Benvenuto Cellini, “Perseus with the Head of Medusa”

The myth of Medusa can be interpreted on so many different levels. For Valerie Estelle Frankel, author of From Girl to Goddess: The Heroine’s Journey Through Myth and Legend, the myth pertains to the haling of the wounded shadow. When Medusa is raped by Poseidon in Athena’s temple, the goddess is so outraged that she turns Medusa into a monster. This frozen monster form serves as defense against a deep trauma:

“Medusa is safe forever in her monster form, safer even than Athena in her armor. This form has defenses: the venom of the snakes, the banishment to the impenetrable underworld, and the famous petrifying gaze. Medusa’s stare is the ultimate power—one that says “No, don’t come any closer!

Medusa dwells in the underworld, crouched in the safety of this still half-life, where nothing changes, where no one dies or is born or is harmed.”

On the one hand, the head of Medusa represents “a source of feminine power raped by male authority.” However, she may also stand for the wounded heart, the bottled up fury of all of us, regardless of gender. Comes Perseus as the wounded masculine hero:

“Medusa senses someone is there and turns her gaze on him. But he is a victim as she is, cast into the seas by his grandfather, ignored by his father, with mother and self endangered by the patriarchy in the form of King Polydectes. Perseus holds the mirror that to inner self, but more, he is Medusa’s inner self, the frightened child behind the rage-filled gaze that Medusa cannot outstare.

Confronted with this wounded hero so like herself, Medusa succumbs and allows her barriers to be broken, allows her return to the world above. This, like all growth, requires great pain; Perseus’ sword slices Medusa’s head from her body. But there is also glorious birth as children, once sired by Poseidon, spring forth: Pegasus, beloved of the Muses, and the golden hero Chrysaor. Walling herself off has resulted in stagnation, isolation, as Medusa rages and nurses her wounds. But until now, she has failed to grow beyond them. With a sword-strike, with a mirror, Perseus opens her to her painful past, forcing her to confront it, accept it, and move forward. Medusa is no longer frozen, unable to give birth to her desires and needs. She can finally return to life.”

Master Cellini managed to show just that in his sculpture – Perseus and Medusa united in their human suffering.

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On Play

Pieter Bruegel the Elder, “Children’s Games”

The vision of the world as an unfolding game is a very alluring idea. Once you start viewing all reality through that lens, it is quite hard to step back into ordinary perception. In Hinduism, the concept of Lila, divine play, is used to describe the creative, joyful and spontaneous activity of Brahman, the supreme existence and the Divine Ground of All. “It is a spirit leaping forward to be pursued and enjoyed and, ultimately, understood,” as it was expressed by an anonymous theosophy master here . From that perspective, the world arose as play and it unfolds as such. At the deepest level, to paraphrase Krishnamurti, the purpose of life is nothing but living itself.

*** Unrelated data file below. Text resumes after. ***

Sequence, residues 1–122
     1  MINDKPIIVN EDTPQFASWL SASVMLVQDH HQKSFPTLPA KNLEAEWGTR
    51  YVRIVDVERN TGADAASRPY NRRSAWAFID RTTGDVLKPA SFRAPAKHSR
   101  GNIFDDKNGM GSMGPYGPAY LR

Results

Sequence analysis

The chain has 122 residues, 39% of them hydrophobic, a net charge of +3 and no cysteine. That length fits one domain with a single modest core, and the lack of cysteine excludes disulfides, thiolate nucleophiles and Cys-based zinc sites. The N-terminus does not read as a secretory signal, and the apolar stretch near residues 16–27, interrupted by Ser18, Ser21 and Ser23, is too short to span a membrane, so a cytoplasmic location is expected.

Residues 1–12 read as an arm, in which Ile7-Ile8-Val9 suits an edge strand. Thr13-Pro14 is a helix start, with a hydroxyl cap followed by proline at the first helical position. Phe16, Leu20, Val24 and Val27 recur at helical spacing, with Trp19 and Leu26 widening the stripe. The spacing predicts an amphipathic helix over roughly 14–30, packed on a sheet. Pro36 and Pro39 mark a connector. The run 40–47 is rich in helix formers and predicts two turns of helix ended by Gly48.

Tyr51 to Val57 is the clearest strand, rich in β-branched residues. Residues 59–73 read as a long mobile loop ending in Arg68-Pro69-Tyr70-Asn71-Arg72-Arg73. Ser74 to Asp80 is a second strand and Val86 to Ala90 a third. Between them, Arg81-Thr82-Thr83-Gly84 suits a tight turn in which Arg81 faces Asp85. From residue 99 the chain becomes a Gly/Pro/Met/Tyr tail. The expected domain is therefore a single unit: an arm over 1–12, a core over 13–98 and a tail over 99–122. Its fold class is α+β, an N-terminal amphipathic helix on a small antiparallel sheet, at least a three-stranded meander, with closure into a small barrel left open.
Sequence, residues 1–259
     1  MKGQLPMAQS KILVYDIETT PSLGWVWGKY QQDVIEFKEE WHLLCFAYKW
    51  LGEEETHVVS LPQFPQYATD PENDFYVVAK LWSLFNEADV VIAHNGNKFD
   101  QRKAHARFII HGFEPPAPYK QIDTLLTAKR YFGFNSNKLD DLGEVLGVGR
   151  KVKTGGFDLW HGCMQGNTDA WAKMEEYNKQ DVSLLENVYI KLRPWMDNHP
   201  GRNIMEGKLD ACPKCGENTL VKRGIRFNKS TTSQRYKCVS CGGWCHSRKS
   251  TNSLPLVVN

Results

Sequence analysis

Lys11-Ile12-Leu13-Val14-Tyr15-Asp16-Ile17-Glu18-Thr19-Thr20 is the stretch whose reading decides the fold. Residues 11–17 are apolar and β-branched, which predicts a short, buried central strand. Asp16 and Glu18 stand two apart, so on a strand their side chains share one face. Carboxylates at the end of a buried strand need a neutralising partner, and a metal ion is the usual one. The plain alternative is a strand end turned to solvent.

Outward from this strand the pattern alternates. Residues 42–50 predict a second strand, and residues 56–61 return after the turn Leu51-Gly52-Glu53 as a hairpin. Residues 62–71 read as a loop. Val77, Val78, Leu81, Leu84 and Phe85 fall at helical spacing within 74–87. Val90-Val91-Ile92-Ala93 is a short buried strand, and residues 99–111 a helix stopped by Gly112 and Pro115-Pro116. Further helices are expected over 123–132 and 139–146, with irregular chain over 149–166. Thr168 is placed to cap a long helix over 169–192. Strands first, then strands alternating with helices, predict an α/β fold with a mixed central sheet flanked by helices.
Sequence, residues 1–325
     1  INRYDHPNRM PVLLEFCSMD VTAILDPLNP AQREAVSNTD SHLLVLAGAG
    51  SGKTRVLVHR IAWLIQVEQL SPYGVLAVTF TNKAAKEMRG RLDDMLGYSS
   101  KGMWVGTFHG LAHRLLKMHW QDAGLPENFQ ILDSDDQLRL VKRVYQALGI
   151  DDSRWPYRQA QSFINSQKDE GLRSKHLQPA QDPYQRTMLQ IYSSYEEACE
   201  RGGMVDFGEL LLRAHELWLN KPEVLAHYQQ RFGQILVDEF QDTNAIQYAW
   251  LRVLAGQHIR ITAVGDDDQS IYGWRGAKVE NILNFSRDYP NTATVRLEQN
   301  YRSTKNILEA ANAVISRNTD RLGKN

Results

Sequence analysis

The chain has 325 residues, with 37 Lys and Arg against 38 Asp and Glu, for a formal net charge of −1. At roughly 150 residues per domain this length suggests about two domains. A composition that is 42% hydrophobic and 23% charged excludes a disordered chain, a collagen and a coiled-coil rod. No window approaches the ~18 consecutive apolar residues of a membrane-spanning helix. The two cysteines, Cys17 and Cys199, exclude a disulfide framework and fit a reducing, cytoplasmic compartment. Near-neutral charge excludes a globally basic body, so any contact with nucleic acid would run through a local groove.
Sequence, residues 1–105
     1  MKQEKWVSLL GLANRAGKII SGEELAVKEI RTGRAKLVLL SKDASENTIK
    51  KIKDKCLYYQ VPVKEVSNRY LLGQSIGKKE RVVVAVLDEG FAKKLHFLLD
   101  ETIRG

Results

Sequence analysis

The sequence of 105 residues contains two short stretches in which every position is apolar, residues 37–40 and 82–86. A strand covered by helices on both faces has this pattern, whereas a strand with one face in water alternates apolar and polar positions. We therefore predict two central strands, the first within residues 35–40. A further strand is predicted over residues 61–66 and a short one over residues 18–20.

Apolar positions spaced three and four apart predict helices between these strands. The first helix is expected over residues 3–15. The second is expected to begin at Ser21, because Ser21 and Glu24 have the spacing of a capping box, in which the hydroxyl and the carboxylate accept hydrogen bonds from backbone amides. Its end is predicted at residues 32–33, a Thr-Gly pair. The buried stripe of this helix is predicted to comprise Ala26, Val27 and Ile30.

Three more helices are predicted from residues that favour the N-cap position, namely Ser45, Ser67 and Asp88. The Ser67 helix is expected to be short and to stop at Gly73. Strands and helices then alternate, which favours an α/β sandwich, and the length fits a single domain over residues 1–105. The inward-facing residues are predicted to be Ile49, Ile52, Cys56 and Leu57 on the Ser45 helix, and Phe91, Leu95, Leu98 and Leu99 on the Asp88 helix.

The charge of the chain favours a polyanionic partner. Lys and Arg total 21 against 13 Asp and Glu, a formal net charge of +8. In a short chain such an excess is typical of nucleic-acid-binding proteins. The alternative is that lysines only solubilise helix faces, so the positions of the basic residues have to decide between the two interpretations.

Betty Heimann, a German professor of Sanskrit and a renowned expert on Indian studies, who died in 1961, wrote the following on the relation of the concept of Lila to time:

“As regards the concept of Time, lila represents continuity. It is well worth noting that the Greeks from the time of the pre-Socratics establish the necessity of a ‘kairos,’ of the adequate moment when to start with adequate means to achieve one single purpose and intent. India, on the other hand … never felt the need of the effortful moment and directed purpose for one single end. Instead of limiting herself to a ‘kairos,’ a straight line towards a certain end, she thinks in series of continuing receding preceding waves: polar existence is ever present, simultaneously and successively. Heraclitus, then, the Western thinker who more than all others approaches the Indian world of thought, significantly grasps the concept of the ‘aion,’ the creative continuity of time and life force, under the simile of an ever youthful child at play. In his Fragment 52 he asserts that the ‘aion’ is a child playing with dice. The supreme government of the world lies in the hands of a child.”

From University of Ceylon Review vol. III, No.2,1945,pp 29-34, link http://dlib.pdn.ac.lk/bitstream/123456789/899/1/Betty%20heimann.pdf

Shiva and Parvati at the game of dice

The Puranas (ancient Hindu texts) contain a story of Shiva playing the game of dice with Parvati. This game can be viewed as a metaphor of how the world came into manifestation, a tale of the birth of consciousness, as writes Richard Smoley in The Dice Game of Shiva: How Consciousness Creates the Universe. Shiva personifies pure consciousness, the self itself (Purusha) while Parvati stands for the contents of consciousness, i.e. the world or experience (Prakriti). Before the universe is manifested, consciousness and its contents are united in primordial sleep. The dice game introduced to the divine pair by a demon of discord symbolizes “the beginning of manifestation,” as self and the other (Shiva and Parvati) begin to consciously relate. Having been defeated in the game, Shiva, unperturbed, simply retreats to the forest. As Smoley explains, consciousness can detach from experience: